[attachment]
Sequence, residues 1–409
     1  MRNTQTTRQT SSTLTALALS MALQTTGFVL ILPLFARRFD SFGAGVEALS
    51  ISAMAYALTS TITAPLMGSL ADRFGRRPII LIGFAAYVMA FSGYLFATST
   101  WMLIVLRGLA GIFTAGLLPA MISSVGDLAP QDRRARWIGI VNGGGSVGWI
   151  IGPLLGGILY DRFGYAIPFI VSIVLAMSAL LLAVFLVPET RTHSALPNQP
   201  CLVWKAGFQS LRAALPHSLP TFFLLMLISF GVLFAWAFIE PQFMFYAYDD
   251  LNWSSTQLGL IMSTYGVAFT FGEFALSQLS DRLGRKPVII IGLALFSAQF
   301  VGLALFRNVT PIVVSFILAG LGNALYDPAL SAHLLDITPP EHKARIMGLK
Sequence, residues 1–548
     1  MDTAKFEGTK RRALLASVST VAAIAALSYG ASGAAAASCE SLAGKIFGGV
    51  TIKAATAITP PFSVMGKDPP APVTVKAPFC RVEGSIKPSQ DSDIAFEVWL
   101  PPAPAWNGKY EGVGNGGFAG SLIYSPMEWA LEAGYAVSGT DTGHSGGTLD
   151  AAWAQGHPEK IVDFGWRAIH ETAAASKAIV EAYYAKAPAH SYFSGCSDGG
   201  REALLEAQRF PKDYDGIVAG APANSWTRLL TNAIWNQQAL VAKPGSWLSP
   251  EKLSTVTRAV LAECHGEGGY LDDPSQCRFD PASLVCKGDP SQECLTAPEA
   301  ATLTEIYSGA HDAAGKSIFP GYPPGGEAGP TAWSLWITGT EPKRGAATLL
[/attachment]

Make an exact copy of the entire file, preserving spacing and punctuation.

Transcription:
Sequence, residues 1–409
     1  MRNTQTTRQT SSTLTALALS MALQTTGFVL ILPLFARRFD SFGAGVEALS
    51  ISAMAYALTS TITAPLMGSL ADRFGRRPII LIGFAAYVMA FSGYLFATST
   101  WMLIVLRGLA GIFTAGLLPA MISSVGDLAP QDRRARWIGI VNGGGSVGWI
   151  IGPLLGGILY DRFGYAIPFI VSIVLAMSAL LLAVFLVPET RTHSALPNQP
   201  CLVWKAGFQS LRAALPHSLP TFFLLMLISF GVLFAWAFIE PQFMFYAYDD
   251  LNWSSTQLGL IMSTYGVAFT FGEFALSQLS DRLGRKPVII IGLALFSAQF
   301  VGLALFRNVT PIVVSFILAG LGNALYDPAL SAHLLDITPP EHKARIMGLK
Sequence, residues 1–548
     1  MDTAKFEGTK RRALLASVST VAAIAALSYG ASGAAAASCE SLAGKIFGGV
    51  TIKAATAITP PFSVMGKDPP APVTVKAPFC RVEGSIKPSQ DSDIAFEVWL
   101  PPAPAWNGKY EGVGNGGFAG SLIYSPMEWA LEAGYAVSGT DTGHSGGTLD
   151  AAWAQGHPEK IVDFGWRAIH ETAAASKAIV EAYYAKAPAH SYFSGCSDGG
   201  REALLEAQRF PKDYDGIVAG APANSWTRLL TNAIWNQQAL VAKPGSWLSP
   251  EKLSTVTRAV LAECHGEGGY LDDPSQCRFD PASLVCKGDP SQECLTAPEA
   301  ATLTEIYSGA HDAAGKSIFP GYPPGGEAGP TAWSLWITGT EPKRGAATLL